Tuesday, November 9, 2010

What’s Up Your Family Tree?

Make history again by sharing your family photos, diaries, letters, and other historic memorabilia or family ephemera with Friends of the City of Las Vegas Museum.

Just in time for New Mexico’s centennial, the Friends will be publishing a photographic history of the first century of Las Vegas entitled: Las Vegas, NM: Boomtown on the Southwestern Frontier, and would like your family to be a part of it. So, get into the attics and basements of Las Vegas! Call your tias and abuelas to see what’s in their shoeboxes and family Bibles!

In addition, historian and contributing editor, Elmo Baca is seeking to include brief essays and other literary expressions from the general public to help explore the major themes to be included in the book. Submissions will be accepted through Friday, April 1, 2011.

For detailed information and submission guidelines call the Museum at 426.3205.

Nancy Colalillo, member, committee on Las Vegas, NM: Boomtown on the Southwestern Frontier

Wednesday, August 11, 2010

Coming Home - at the Museum

Coming Home — War, Work, and Wanderings is a series of interviews recorded during the Fiestas. New Mexico Highlands University Media Arts Department interns Ben Jeremiad and Becca Glenn recorded and edited the interviews. They compiled an eight minute video that tells a story of leaving, being gone, and coming home to Las Vegas.

The video premiered for Heritage Week. It can be seen on the new gallery computer. at the Museum. Watch for the Friends of the Museum Newsletter to learn more about this video and the Oral History Project.

Coming Home: Stories of War Work and Wanderings from Lauren Addario on Vimeo.

Wednesday, July 28, 2010

Heritage Week 2010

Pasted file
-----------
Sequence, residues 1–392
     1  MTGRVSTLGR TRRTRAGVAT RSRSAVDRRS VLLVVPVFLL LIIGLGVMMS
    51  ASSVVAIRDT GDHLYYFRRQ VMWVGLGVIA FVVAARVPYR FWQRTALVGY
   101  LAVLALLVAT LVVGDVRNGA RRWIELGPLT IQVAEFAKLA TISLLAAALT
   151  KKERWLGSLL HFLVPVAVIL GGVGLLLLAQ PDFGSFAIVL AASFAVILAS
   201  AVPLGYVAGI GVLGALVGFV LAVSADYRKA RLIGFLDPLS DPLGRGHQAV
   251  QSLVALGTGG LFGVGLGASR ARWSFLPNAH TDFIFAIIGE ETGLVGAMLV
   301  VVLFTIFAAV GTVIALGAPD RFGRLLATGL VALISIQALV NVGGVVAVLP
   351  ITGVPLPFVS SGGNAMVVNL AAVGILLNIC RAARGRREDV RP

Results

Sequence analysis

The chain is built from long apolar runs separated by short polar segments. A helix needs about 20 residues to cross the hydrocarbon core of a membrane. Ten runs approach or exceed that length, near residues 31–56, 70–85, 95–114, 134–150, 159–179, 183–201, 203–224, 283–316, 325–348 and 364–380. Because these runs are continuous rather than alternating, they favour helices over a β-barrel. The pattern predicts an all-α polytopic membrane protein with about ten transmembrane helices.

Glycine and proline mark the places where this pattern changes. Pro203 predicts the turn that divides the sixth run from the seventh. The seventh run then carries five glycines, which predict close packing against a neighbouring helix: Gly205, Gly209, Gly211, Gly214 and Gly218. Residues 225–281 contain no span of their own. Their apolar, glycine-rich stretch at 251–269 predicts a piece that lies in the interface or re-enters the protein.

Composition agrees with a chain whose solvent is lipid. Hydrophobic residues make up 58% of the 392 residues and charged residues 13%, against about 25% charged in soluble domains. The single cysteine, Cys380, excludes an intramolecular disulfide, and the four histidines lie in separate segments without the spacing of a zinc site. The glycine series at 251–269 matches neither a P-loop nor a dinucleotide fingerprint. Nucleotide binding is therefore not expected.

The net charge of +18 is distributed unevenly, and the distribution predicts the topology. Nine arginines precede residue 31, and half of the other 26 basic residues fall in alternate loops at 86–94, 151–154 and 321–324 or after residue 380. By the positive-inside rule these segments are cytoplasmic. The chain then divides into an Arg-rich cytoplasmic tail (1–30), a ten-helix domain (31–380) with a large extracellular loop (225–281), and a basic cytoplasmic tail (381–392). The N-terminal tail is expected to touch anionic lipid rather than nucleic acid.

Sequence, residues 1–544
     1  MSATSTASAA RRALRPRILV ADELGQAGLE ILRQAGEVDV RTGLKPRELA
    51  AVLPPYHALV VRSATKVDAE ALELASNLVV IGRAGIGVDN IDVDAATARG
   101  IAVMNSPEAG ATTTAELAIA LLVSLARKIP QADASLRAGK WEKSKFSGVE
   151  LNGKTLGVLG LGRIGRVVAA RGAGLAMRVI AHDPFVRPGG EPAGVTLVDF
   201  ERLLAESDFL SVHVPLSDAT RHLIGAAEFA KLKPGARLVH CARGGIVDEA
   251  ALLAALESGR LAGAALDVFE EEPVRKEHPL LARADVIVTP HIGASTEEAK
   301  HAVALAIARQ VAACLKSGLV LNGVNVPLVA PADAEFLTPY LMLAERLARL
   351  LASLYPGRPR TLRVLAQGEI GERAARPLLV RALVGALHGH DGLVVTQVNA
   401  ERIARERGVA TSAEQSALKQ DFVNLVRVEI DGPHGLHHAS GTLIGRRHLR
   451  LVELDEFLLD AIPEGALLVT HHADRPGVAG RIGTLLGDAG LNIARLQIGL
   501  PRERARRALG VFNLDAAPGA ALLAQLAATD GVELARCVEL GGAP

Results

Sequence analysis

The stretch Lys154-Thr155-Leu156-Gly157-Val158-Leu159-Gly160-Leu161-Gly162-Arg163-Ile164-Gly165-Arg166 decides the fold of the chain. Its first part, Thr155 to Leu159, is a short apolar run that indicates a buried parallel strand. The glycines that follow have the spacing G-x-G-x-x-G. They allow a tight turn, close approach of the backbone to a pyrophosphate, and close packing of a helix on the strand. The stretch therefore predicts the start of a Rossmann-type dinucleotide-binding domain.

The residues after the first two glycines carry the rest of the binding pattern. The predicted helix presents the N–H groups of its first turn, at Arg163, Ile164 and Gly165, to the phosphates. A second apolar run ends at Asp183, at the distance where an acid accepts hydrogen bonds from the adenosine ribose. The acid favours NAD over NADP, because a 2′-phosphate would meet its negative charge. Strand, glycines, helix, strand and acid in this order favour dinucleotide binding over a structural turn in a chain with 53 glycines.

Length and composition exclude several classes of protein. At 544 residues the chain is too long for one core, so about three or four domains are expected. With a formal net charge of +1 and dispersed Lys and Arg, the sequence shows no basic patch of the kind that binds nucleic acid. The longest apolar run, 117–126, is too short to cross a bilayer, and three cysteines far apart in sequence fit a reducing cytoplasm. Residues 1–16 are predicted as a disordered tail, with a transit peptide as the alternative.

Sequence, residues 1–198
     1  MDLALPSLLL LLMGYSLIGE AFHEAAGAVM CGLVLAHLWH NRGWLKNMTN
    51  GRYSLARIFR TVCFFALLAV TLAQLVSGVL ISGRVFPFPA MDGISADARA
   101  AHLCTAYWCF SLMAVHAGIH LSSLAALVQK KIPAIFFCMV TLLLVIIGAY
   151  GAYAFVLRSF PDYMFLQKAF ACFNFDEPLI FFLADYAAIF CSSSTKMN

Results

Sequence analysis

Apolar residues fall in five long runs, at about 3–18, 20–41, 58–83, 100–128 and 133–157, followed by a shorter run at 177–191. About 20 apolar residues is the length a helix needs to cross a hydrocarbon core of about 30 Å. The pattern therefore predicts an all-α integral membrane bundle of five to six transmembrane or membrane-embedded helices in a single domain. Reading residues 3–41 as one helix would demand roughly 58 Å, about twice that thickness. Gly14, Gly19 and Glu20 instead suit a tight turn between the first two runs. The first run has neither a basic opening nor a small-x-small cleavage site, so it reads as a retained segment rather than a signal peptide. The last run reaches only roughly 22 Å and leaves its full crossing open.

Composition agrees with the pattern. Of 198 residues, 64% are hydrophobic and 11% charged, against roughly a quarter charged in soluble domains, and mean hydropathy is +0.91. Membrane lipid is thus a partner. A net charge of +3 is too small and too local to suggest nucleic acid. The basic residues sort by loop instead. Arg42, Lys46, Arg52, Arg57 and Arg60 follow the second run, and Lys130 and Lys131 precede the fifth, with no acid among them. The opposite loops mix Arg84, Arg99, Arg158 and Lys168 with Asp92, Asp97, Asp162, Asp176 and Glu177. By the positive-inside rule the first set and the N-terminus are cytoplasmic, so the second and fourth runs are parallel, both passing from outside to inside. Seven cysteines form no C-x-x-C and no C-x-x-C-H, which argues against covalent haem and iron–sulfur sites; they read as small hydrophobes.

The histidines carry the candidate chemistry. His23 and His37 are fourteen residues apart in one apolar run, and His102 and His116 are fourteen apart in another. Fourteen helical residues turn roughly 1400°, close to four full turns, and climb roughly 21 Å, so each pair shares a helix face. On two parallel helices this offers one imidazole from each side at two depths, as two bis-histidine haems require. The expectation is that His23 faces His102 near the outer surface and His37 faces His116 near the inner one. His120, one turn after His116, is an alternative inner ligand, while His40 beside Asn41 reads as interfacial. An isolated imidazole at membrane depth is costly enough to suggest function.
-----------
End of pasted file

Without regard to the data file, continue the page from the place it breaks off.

There’s something for everyone during Heritage Week 2010, celebrating the history & cultures of Las Vegas, New Mexico:

Las Vegas and New Mexico Highlands History exhibit at Ray Drew Gallery, all week

Meadow City Camera Club Sacred Places exhibit of historic religious sites at CCHP, all week, reception Sat, Aug 14, 1-3 pm

Art on the Santa Fe Trail exhibit at El Zocalo Gallery, all week, receptions Sat, Aug 7 & 14, 2-5 pm

Heritage Quilt exhibit at Threadbear, all week

Exhibit featuring “outsider” artist Martin Montoya at Plaza Antiques

Fridays al Fresco, music in the Plaza, Fri, Aug 6, 5-7 pm and Fri, Aug 13, 5-9 pm

Bambi Doe Blake handmade doll exhibit, Plaza Antiques, , Fri, Aug 6, 5-6 pm

Open house, 50th Class Reunions of Immaculate Conception, West, Robertson High Schools, Fri, Aug 6

Crazy Heart + 2nd feature at Ft Union Drive-in, $12, Fri, Aug 6 & Sat, Aug 7

Places with a Past: Historic Homes & Buildings Tour, 10-4 pm, Sat, Aug 7, Tickets $20

Dwelling Places: Las Vegas Arts Council Invitational Art Exhibit, reception 5-7 pm + Cipriano Vigil performs,
Sat, Aug 7

Ecumenical service at the Plaza gazebo, 1 pm, Sun, Aug 8

Blessing of the Waters procession begins at the Plaza gazebo, 1:30, Sun, Aug 8

Mayor Ortiz proclaims the 175th anniversary of Las Vegas at the Plaza gazebo, 2 pm, Sun, Aug 8

Chautauqua: Capitan Rafael Chacon at the Plaza Hotel Ballroom, 3 pm, Sun, Aug 8, free

Red Dawn and Convoy presented by the Rolling Road Show at Ft Union Drive-in, Sun, Aug 8, free

Children’s Literary Camp at Rio Gallinas School, 8:30-noon, $25, Mon, Tues, Weds, Aug 9-11,
Ages 8-11, boys & girls